NU instructor receives CASN Nursing Education Excellence Award

The Canadian Association of Schools of Nursing (CASN) has announced that Laura Killam is the recipient of the 2022 CASN Nursing Education Excellence (Non-Tenured) Award. Killam is a part-time instructor at Nipissing University in the Registered Practical Nurse to Bachelor of Science in Nursing program. She was presented with this award on Monday, November 21 at CASN’s virtual Awards Recognition Event. 

This award is presented to a non-tenured (i.e., instructor, lecturer, lab instructor) nursing educator from a CASN member school that demonstrates sustained teaching activities of high quality, a commitment to mentorship of students and colleagues, an ability to introduce innovation in educational activities, leadership in influencing the quality of education within the academic and practice areas and promotes excellence in nursing education.  

Laura Killam portrait

Laura Killam

“It is hard to put into words how honoured I feel to have been nominated for the award, and winning it was a nice surprise,” shared Killam. “It takes a lot of energy to advocate for innovative approaches to education like co-creation. It is a passion of mine, but to see it externally recognized feels really heart warming.”  

Killam is also the recipient of doctoral scholarships and grant funding for her work on co-creation within nursing education. She believes that learner-educator co-creation builds meaningful relationships, promotes critical thinking, and develops student evaluative judgement. Her research in authentic assessment has helped her and others to overcome challenges with student-centered assessment.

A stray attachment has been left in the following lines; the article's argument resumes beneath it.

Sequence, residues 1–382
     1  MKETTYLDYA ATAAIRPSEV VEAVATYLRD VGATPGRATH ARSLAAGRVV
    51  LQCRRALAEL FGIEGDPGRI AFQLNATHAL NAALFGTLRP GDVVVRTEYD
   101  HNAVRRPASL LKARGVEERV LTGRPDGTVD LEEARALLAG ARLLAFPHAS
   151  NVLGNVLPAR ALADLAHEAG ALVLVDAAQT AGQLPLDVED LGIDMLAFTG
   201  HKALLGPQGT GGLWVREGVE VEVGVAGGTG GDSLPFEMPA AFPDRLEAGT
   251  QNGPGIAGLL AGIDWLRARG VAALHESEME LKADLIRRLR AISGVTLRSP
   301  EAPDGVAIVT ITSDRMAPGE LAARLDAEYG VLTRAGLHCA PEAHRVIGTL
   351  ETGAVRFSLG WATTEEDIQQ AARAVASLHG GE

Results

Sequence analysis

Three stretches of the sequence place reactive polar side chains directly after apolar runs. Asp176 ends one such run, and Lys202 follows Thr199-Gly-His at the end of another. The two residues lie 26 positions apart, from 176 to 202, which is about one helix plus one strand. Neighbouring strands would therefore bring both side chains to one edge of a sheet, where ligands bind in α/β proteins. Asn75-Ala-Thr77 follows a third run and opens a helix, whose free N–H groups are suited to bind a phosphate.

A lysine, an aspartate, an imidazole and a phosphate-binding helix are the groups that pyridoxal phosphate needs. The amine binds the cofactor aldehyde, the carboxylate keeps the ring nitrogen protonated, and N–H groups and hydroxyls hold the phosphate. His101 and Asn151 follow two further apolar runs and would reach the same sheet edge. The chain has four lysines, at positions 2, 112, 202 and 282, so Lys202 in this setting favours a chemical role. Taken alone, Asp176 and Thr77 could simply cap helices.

In Killam’s class, students benefit from her relationship-focused teaching philosophy that centers around empowering them to take control over their learning. Through co-creation, she shares the decision-making power over course design with her students.  

“I think we get more out of the experience when we can work together towards the common goal of becoming more knowledgeable,” she said. “I like to offer them the opportunity to customize their learning, so it is more meaningful and memorable.”  

Killam has published 18 times in peer-reviewed journals and presented at conferences at local, provincial, national, and international peer-reviewed events. Her gamification work was implemented with undergraduates at Cambrian College and Nipissing University and was used at a graduate student conference at Queen’s University to improve engagement.  

In an effort to provide accessible on-demand learning, Killam created a YouTube channel in 2010 to provide people answers to their questions and has help students understand complex topics in multiple disciplines. Her YouTube channels has over five million views and she receives thanks from students world-wide. She can also be found through her blog and on Twitter.  

She is currently working towards her PhD in Nursing at Queen’s University. 

To find out more about Laura Killam and her teaching philosophy, visit  

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